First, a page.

It’s really not that tough — you just need to know where to focus your energy to ensure that you get the maximum results that you desire while knowing when it’s time to give yourself a break. Balance is key in everything you do.

You should place importance to your physical and mental health as this will play a big role in the success of you BPO.

Also read: Mindfulness matters: Why every entrepreneur should invest in good habits

Treat your physical and mental health as a vital role in the success of your BPO. Don’t negotiate it out of your schedule. Take a small window of time out of your day to perform (literally) any sort of fitness activity. It’s also a tried and tested fact that taking a few minutes out of your morning every day to de-stress with meditation is worth it. This will help you to organise your thoughts and plan out your day efficiently.

Don’t undervalue time spent with family either, (95 per cent of parents believe the key to happiness comes from spending quality time with their families). Just because you may not be tracking any billable time, doesn’t mean it isn’t a crucial factor in you BPO’s success. It also gives you a reasonable excuse to disengage.

Stick to a routine

Maintaining an organised routine has incremental long-term benefits. If carried out effectively, it will provide you with invaluable advantages not only to you, but your business too.

A few simple steps to follow:

  • Arrive at the office at the same time every morning.
  • Plan out your day by highest priority to lowest. Workout tasks appropriate to your level of energy. You’re going to be at your peak in the morning, so use that time you tackle the most grueling tasks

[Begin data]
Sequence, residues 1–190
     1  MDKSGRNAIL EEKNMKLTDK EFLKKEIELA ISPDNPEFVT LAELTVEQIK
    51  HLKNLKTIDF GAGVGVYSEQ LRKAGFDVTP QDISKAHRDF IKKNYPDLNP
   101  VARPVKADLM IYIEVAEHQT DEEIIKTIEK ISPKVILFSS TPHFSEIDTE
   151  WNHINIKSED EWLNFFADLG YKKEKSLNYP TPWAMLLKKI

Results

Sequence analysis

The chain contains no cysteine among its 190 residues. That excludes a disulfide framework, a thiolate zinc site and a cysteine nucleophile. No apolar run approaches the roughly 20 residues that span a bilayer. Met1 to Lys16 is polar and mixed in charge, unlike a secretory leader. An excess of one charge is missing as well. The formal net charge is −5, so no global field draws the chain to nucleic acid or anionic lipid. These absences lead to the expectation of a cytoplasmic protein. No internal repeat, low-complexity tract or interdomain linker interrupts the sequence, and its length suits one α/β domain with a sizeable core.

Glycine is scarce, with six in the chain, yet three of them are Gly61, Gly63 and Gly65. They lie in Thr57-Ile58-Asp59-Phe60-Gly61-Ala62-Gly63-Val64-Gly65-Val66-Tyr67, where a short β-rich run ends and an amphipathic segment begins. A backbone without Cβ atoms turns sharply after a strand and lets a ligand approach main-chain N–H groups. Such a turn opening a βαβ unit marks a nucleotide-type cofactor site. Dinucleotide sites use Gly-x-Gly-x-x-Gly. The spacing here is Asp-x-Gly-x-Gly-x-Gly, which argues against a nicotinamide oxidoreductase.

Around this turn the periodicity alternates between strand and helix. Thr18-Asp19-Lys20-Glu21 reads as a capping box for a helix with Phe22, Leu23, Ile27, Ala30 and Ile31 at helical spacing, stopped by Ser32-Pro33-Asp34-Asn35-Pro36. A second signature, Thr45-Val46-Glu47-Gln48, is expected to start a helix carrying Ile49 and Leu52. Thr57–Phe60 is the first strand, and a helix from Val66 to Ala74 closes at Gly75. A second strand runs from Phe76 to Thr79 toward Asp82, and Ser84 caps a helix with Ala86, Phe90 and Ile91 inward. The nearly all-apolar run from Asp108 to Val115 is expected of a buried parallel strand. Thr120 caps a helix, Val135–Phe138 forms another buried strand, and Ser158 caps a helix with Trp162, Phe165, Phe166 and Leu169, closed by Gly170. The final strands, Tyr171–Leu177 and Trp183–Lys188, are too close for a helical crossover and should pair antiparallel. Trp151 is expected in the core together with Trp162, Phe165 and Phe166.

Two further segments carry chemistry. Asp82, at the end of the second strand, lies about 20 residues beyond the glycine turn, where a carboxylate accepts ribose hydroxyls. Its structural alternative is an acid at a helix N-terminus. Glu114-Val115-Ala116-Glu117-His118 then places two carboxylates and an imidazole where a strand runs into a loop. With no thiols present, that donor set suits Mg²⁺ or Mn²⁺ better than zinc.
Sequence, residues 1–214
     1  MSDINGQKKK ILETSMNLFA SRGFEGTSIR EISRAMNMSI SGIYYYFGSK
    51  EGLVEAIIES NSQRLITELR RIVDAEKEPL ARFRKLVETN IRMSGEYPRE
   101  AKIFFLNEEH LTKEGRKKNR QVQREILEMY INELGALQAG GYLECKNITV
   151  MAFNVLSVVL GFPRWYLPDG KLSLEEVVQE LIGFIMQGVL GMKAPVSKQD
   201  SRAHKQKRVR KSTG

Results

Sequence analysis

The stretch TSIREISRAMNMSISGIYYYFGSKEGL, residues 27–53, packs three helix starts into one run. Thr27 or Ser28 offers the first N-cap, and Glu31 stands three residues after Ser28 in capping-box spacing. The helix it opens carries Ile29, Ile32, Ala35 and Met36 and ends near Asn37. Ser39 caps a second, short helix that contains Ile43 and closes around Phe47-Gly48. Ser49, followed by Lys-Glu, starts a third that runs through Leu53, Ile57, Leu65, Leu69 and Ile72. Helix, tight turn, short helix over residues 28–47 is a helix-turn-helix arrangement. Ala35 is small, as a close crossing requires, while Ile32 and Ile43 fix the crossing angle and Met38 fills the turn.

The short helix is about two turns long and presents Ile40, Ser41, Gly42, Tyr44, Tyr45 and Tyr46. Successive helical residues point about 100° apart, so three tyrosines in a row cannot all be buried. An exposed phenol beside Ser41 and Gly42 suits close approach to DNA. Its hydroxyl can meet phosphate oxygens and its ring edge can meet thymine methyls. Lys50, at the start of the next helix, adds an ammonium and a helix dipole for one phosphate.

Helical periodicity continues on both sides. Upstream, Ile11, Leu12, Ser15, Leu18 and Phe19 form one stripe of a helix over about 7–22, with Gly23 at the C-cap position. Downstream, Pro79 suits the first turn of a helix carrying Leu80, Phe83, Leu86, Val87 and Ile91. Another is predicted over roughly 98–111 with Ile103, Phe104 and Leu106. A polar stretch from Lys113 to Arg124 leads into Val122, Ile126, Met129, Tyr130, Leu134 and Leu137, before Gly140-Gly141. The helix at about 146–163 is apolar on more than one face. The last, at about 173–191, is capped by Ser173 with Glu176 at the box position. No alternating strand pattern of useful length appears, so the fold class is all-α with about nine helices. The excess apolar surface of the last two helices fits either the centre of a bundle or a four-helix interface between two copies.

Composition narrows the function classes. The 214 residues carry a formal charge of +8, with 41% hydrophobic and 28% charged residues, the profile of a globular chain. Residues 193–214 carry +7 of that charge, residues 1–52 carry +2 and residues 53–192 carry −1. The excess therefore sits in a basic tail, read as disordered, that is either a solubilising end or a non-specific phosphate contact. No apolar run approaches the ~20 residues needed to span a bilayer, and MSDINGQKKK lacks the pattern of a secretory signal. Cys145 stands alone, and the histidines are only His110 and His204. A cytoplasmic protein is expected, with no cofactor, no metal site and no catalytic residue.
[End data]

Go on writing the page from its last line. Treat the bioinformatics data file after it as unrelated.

• Leave the evenings for meetings and progress reports.

Establish yourself

No matter how many man-hours you put into your new BPO, success simply won’t come overnight. So, make sure you and your team create a strong marketing plan. Create innovative and smart ways to get the word out. Ask yourself, what is your business’s niche? How can it help potential clients facilitate with their day-to-day business operations?

After all, building solid relationships (especially from the start) is a quick, convenient way to guarantee repeat business, as well as future referrals.

Remember: Be sure to keep track of the smaller milestones, they may not seem all that big in the long-run, but it’s the smaller building blocks that eventually come together to create some damn beautiful infrastructure.

The takeaway

Starting a BPO in the Philippines has its many advantages, as I explained above. Not only is there such a heavy feel for Western culture. Filipinos are some of the nicest, driven and committed workers you can employ. The average wage is US$400 per month and over 80 per cent declare that they’re extremely happy with their lifestyle and livelihood.

Setting up your BPO in the Philippines is very cost-effective and once you get past the nit and grit, your outsourcing business will flow more steadily and smoothly, which includes the maintenance and management of your staff and operations.


Mike Larcher is the Founder & CEO of award winning companies namely acidgreen, outsourced, and academ.